In October 2018, then-prime minister Teresa May announced she was launching a consultation on whether mandatory reporting would help bridge the pay and career gap for minorities. The government’s resolve to tackle the ethnicity pay gap intensified with the release of the government’s first report into ethnicity pay gaps in July. Titled, ‘Ethnicity pay gaps in Great Britain: 2018’, it analyses newly reweighted 2018 earnings data taken from the ONS Annual Population Survey. Here are a few of the top-level findings:
- Workers of Bangladeshi descent earned 20.2 percent less on average than white workers
- Employees of Chinese, Indian and mixed ethnicity have the highest median hourly pay, receiving £15.75, £13.47 and £12.33, respectively
- Employees of Pakistani and Bangladeshi descent have the lowest median hourly pay, receiving £10.00 and £9.60, respectively
- In comparison, white employees on average earn £12.03 per hour
- In London, a 21.7 percent difference exists in the median hourly pay between whites and minorities — this is the largest gap in the UK
This pay disparity has a three-fold effect;
- It affects a worker’s ability to have a decent standard of living
- Businesses which create a reputation for underpaying their staff struggle to attract and retain the best people, which impacts staff morale and the businesses profitability
- According to research by the Centre for Economics and Business Research (CEBR), ethnic pay discrimination costs the UK economy around £2.6 billion a year
Ethnicity Pay Gaps: the Hidden Truth
People aren’t usually comfortable talking about money, particularly how much they earn. And if you were to ask them, they probably wouldn’t tell you. This limits your ability to understand if what you’re earning is comparable to your colleagues. But fortunately, there are other ways to check if you’re being paid what you’re worth:
- If the company is hiring for a similar role, check to see if there’s a salary bracket included in the job description, and determine whether what you’re getting paid falls within that range
- Speak to external recruiters to see what the expected average salary is for someone doing your role
- Use Glassdoor’s Salaries tool to see what others with your job title and location are earning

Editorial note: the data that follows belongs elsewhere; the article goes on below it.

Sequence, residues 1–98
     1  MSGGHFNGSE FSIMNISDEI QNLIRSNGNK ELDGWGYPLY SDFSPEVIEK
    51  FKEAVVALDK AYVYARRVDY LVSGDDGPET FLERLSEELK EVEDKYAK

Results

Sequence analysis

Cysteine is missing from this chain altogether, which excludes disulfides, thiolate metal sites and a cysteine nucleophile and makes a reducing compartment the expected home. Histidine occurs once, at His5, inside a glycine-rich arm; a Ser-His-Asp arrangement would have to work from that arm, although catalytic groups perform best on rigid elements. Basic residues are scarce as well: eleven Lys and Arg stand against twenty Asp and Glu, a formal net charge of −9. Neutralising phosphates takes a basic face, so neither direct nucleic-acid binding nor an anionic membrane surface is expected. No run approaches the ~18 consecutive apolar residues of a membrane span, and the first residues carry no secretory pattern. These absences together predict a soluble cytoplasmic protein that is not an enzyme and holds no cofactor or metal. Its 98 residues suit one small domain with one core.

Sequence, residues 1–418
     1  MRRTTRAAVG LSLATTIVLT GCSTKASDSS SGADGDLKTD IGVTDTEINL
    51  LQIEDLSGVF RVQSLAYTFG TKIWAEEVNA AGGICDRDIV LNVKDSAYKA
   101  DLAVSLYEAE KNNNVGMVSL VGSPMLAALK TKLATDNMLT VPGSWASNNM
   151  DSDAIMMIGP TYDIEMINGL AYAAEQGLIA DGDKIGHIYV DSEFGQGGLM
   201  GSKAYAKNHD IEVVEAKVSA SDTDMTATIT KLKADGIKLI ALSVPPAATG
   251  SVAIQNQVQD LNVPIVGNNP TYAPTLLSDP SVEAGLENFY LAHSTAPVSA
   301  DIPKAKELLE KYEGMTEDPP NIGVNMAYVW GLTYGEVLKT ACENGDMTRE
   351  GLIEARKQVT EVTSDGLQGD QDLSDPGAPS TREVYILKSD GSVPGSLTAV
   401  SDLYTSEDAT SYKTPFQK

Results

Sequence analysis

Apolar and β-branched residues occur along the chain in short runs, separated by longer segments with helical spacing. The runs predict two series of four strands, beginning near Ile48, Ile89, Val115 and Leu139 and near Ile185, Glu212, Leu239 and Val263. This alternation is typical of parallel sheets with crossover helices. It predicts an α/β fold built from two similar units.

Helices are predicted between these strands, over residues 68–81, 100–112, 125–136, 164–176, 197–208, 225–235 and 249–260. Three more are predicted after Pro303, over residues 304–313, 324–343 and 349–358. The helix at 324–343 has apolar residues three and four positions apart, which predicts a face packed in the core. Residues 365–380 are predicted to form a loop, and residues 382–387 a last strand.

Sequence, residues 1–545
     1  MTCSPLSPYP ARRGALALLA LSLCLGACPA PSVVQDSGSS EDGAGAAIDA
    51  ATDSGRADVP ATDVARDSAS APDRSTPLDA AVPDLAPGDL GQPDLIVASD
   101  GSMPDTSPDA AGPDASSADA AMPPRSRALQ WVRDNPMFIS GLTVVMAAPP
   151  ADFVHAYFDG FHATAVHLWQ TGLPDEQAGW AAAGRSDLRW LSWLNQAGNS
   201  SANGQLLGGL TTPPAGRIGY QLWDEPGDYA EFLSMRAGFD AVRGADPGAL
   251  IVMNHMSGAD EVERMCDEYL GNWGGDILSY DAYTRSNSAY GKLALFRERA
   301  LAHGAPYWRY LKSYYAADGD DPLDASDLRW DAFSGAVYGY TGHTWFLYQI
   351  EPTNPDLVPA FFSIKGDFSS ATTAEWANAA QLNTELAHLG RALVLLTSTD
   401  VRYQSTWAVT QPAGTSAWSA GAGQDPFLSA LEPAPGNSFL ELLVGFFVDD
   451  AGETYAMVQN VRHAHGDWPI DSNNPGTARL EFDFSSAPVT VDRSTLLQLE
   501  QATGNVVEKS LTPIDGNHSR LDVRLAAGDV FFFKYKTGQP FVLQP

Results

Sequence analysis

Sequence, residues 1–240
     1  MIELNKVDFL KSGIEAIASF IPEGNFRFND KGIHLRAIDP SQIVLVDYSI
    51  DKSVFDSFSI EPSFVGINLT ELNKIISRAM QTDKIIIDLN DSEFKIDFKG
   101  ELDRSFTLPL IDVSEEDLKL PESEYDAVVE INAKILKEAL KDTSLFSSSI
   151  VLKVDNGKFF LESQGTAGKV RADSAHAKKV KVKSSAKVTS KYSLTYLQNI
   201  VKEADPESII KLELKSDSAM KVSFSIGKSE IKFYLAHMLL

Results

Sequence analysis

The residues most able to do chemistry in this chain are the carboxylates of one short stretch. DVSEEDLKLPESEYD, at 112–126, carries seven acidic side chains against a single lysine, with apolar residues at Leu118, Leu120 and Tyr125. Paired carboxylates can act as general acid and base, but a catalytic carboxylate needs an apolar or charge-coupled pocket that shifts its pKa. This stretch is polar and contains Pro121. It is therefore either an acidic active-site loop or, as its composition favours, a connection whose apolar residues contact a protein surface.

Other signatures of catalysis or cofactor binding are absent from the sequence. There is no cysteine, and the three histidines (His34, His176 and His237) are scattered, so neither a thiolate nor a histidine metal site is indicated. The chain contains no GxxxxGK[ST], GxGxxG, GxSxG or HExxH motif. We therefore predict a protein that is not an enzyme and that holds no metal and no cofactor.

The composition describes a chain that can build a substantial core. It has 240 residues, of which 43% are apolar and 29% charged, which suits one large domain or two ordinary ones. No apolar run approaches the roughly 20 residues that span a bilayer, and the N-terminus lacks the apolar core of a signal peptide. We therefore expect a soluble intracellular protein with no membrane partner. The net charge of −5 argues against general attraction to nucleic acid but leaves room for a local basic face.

- Tap into your professional network and ask them what salary they would expect to receive for doing your role
- If you’re a member of a professional organisation, they may be able to provide you with details of average salary grades for your industry
If you suspect you are being paid less than your colleagues because of your ethnicity, you may want to arrange a meeting with your direct line manager or HR team to discuss your concerns.
The release of the ‘Ethnicity pay gaps in Great Britain: 2018’ report confirms that a pay difference continues to exist between people of different ethnicities who are doing similar roles. Business leaders and experts both recognise that a cultural shift starting at the board level is needed for organisations to make gains in levelling out the pay gap. But organisational culture shifts don’t happen overnight. In the meantime, there are things you can do yourself to help bridge the pay gap. These include:
1. Asking for a Pay Review
The thought of approaching your manager and asking for a pay review may give you nightmares. But put simply, if you feel you are consistently working above what is outlined in your job description, or if you are frequently smashing your targets, you should be financially compensated for it. The worst that can happen is that you get turned down for a pay rise — asking for a pay review is so common that you’re very unlikely to suffer professional consequences from it.
Gather all your facts and figures before broaching your boss for a pay review. First, know your worth. This means understanding where your salary stands compared to the market average. Second, provide your employers with evidence as to why you’re worth the extra money. Showing them that you have a history of hitting sales figures, bringing in large contracts or finding big cost-savings is hard to argue against.
Upleveling your skillset demonstrates to your employers that you’re worth keeping around. You can also use this as leverage for a pay rise. Plus, it will make you more employable, if you’re in the market for a new job.
Technology has increased the ease and reduced the cost of learning. Numerous online providers offer free or reasonably priced training. Some employers offer a training allowance as part of their employment package, so check your contract to see if you get this. Also, professional organisation like CIMA or AAT sometimes offer free or discounted training programmes to members.
3. Becoming Your Own Boss
The makeup of the workforce is changing, and it’s easier than ever before to set yourself up as an independent contractor or freelancer. But before you hand in your notice, it’s important to realise that being your own boss is not as easy as it may sound. Is there a demand for someone with my skills? How will I find customers? What taxes will I need to pay? These are among the questions you should be finding the answers to before you leave your job.
However, if you feel you can make being self-employment a success, you can look forward to having the freedom to work when you want, with who you want and charge what you feel your skills and experience are worth.